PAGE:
Google debuts new digital wellbeing ‘experiments’ like a notification mailbox, unlock clock & even a paper phone
Following the introduction of its digital wellbeing tools for Android at Google’s I/O developer conference last year, the company has since expanded the feature set to include new options like Focus mode and better parental controls for families with children.
Now, Google is trying something new. The company today introduced a set of “experimental” apps designed to help users be better aware of their device use and reduce their screen time.
The apps, which are a part of a new Digital Wellbeing Experiments platform, are very different from your standard screen-time controls. They’re open-sourced projects designed to kickstart out-of-the-box thinking, but not necessarily must-have tools.
One experiment, Unlock Clock, simply shows you how often you unlock your phone.
Another, We Flip, lets a group of friends or a family disconnect from technology altogether by flipping a big switch. And if anyone unlocks their phone, the session ends for everyone -almost like making screen time a competitive family sport.
Desert Island and Morph, meanwhile, take an app-centric approach to screen-time reduction. The former requires you to go a day with only your most essential apps, while the latter helps you stay focused by giving you the right apps at the right time of day.
That idea had been popular in years past with Android launchers, like Cover, EverythingMe and Aviate, for example. In those cases, different homescreen configurations and widgets would appear based on what time of day it was and what you were doing. However, the idea of smartphones that personalized themselves to our needs never really took off - perhaps because these same experiences could never transition to iOS, where Apple’s restrictions limited how much customization could be done.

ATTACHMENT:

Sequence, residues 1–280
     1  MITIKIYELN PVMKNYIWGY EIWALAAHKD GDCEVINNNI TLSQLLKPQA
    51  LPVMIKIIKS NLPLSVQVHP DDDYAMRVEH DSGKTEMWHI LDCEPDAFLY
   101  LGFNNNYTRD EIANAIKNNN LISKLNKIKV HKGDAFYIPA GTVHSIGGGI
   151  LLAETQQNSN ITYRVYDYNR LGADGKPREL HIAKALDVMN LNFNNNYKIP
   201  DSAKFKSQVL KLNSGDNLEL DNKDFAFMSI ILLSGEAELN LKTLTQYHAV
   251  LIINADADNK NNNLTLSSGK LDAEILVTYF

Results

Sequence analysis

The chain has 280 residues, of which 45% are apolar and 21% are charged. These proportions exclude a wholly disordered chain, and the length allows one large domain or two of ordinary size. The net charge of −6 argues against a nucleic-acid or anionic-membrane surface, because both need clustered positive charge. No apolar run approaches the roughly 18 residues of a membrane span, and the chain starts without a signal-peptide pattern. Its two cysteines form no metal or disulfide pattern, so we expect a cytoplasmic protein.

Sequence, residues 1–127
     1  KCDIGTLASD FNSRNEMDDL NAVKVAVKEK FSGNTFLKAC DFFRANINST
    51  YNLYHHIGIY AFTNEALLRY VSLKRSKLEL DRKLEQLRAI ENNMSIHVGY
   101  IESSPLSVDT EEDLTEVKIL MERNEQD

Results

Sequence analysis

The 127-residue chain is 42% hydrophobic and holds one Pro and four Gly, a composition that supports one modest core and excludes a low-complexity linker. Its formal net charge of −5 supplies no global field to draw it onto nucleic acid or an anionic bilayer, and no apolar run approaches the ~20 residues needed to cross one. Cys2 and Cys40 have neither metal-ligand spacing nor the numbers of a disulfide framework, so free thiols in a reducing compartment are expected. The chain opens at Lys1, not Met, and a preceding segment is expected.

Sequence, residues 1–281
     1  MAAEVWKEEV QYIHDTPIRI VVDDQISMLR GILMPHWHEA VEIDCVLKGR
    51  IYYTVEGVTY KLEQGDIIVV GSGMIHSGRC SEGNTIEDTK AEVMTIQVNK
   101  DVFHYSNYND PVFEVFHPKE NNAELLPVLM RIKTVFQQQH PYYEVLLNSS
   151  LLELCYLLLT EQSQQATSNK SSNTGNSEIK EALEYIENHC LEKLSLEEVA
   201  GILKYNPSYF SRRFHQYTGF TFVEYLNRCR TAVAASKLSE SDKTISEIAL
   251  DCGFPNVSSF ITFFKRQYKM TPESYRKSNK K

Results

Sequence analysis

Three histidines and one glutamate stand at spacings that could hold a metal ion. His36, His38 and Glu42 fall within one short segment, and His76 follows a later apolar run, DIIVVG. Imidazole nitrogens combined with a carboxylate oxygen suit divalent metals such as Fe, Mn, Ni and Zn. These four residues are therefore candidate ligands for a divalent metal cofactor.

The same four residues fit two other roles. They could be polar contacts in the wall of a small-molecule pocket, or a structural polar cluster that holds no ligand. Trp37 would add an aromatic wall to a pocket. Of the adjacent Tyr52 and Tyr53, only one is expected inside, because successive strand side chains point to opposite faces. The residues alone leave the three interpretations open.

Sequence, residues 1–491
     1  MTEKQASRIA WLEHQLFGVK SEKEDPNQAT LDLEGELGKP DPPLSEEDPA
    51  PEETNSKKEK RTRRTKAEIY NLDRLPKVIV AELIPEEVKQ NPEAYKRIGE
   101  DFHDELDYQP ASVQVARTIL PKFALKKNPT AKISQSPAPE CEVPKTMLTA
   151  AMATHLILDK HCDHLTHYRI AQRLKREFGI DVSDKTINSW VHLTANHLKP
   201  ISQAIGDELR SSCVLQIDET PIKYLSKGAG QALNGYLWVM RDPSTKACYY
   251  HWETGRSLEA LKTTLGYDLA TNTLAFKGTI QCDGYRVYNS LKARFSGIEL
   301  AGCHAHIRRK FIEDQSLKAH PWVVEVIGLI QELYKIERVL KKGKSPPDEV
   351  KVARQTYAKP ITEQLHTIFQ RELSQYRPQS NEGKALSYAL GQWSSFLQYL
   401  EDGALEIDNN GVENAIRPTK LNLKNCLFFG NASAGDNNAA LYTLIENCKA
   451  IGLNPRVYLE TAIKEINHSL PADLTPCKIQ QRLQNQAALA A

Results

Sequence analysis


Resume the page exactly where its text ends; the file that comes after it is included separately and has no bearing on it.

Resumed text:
The Post Box experiment is one of the more intriguing creations - it offers to hold your notifications until whatever time suits you.
Notification spam is now arguably one of the worst side effects of becoming a smartphone user. It’s so bad, in fact, that both Apple and Google have had to redesign ways for users to reassert control at the OS level.
Earlier this year, Apple CEO Tim Cook even said that he has gutted his iPhone’s notifications, touting the iOS feature to do so as some sort of miraculous invention - when in reality it was Apple’s flawed design of the notification system to begin with that allowed developers to continually interrupt us with their irrelevant pings.
A mailbox-style system - like this new Google experiment provides - was another obvious choice, but one that wouldn’t have allowed an app ecosystem to blossom.
Then there is the most whimsical experiment of them all: Paper Phone.
This app will print you a custom booklet of the critical information you need that day, including favorite contacts, maps, meetings, tasks, weather info and more.
You can then take a short break from your device, without giving up access to your must-have information. It’s like time-traveling for those of us old enough to remember life before smartphones, and a small gift of freedom for those who have never been without.
Google says this new Digital Wellbeing Experiments platform is open for contributions from any designers and developers who want to share their ideas for a more balanced relationship with technology.
“We hope these experiments inspire developers and designers to keep digital well-being top of mind when building technology. The more people that get involved, the more we can all learn how to build better technology for everyone,” said Google.
Interested contributors can download the “Hack Pack” and open-source code available on the site to get started.
The experiments only run on Android and are offered for download on the Play Store.
While the new experiments are less about fixing existing Google products and more about playing around with new ideas, Google has several other screen-time/well-being initiatives underway, including its Android native well-being features, YouTube’s “take a break” reminders and other screen-time controls, Google Assistant’s wind-down routines, Gmail automations like auto-reply and send later, Google Family Link and more.